The first step of a bubble is the severe misallocation of resources. Production focuses on one particular item. The misallocation, means that we are about to allocate most of our resources towards that one goal. This starts out gradually and then progressively consumes more and more resources.

In the second step of a bubble, a large group of people are no longer interacting with the economy in a random fashion; they are all pursuing the same wealth creation formula. This too, starts out with a normal amount of people employed in the bubble sector of the economy. As the bubble gets more robust, more people with a desire for riches join in with lost abandon.

As we enter step three, there is the comfort that everyone participating in the bubble, feels sort of group camaraderie (the herd mentality). Notice as people acquire more riches from their venture, they come to accept the fact that they’re just MORE intelligent than ordinary people. At this point greed and stupidity mix well; double your investment and in turn, double your profit.

Then we come to the final stage (step four) loss of control; the resources are exhausted and the bubble collapses. The damage has been done and it is real.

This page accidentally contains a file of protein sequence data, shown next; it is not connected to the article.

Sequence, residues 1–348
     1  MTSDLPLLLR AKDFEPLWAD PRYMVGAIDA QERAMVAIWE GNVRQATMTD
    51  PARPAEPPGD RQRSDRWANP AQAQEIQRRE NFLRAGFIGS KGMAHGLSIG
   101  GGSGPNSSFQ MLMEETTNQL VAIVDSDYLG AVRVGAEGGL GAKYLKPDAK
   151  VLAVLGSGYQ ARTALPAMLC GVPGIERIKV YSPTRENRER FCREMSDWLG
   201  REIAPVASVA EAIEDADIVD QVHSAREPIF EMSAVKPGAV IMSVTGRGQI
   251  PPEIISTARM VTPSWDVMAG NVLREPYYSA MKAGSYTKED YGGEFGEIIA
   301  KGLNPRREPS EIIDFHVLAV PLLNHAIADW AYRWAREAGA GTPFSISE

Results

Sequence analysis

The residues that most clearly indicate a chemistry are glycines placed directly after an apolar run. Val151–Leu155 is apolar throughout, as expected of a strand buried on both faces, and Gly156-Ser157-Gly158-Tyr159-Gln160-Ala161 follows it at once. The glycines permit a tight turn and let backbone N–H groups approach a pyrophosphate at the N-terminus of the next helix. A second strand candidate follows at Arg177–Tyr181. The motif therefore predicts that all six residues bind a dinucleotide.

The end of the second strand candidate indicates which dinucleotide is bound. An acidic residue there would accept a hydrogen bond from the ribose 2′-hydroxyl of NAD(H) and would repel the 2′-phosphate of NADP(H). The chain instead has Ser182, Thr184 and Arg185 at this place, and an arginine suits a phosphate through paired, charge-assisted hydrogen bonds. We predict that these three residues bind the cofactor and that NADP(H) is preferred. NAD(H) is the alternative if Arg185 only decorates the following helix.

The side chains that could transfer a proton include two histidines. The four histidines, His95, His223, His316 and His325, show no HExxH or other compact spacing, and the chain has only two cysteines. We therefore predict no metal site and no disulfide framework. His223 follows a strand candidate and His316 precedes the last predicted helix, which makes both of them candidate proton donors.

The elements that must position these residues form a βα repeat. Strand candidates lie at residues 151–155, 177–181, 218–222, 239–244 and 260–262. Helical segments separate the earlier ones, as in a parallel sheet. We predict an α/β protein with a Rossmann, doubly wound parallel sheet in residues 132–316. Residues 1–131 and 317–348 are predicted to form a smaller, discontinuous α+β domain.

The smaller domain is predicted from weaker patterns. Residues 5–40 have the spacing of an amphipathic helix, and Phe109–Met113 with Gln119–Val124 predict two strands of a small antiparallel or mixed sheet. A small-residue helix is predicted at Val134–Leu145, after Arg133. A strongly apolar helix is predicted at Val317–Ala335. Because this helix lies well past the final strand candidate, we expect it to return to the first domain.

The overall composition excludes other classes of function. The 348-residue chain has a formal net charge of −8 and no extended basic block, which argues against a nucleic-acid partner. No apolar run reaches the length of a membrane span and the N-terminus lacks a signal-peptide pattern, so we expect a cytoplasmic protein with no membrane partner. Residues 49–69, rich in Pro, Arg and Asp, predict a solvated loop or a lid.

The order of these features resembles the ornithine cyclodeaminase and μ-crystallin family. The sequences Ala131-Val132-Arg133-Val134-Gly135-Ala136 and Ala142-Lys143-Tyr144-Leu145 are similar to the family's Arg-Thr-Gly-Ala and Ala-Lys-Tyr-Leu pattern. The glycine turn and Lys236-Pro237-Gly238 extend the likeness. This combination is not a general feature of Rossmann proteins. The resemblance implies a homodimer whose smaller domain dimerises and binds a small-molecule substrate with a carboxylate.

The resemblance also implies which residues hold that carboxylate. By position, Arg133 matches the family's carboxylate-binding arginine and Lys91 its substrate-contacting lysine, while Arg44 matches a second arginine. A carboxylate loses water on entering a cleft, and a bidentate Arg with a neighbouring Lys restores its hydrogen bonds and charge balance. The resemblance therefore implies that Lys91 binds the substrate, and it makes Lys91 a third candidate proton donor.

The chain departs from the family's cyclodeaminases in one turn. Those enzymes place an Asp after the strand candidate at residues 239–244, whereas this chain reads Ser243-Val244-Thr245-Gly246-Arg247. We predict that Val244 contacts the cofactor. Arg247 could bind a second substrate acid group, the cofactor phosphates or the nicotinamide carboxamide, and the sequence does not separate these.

Examine these two bubble examples from the past:

A river boat ferry, in India 20 years back, was packed with 600 people. Two teenagers in love were going to jump off the boat and commit suicide (their parents wouldn’t let them get married). Needless to say 600 people rushed to one side of the ferry to witness the event. The ferry capsized with a very large loss of life. What happened was sudden and very unexpected by all involved.

The second case was in Africa 50 years ago. Wealth was measured in cattle. The more cattle you owned, the more wives you could afford (this also produced a lot of kids that had to be fed). Cattle production shot through the roof over several years, everyone was getting rich. Even the people growing the hay to feed the cattle were making money. The price of cattle feed started to increase; there wasn't enough supply to meet demand. The cattle were starting to exhaust their food supply. Farmers found it difficult to feed all of their cattle, so more went to market for sale. Prices started to drop and the cattle market collapsed. The livestock died off in mass and the general population faced the aspect of starvation. There wasn’t any drought that brought this famine on, just the misallocation of resources.

Identifying a bubble is at best, very difficult in the early stages. The housing bubble over time has become obvious. Medicare is a bubble in progress. Resources are limited more so than is apparent; high costs in the past have kept medical demands in check.

The national debt is also a bubble but the concept of what constitutes resources (real money) is one of those magic acts, that go on forever. An increase in the interest rate to 9% could spell doom for the US Treasury and the national debt (of course that could never happen).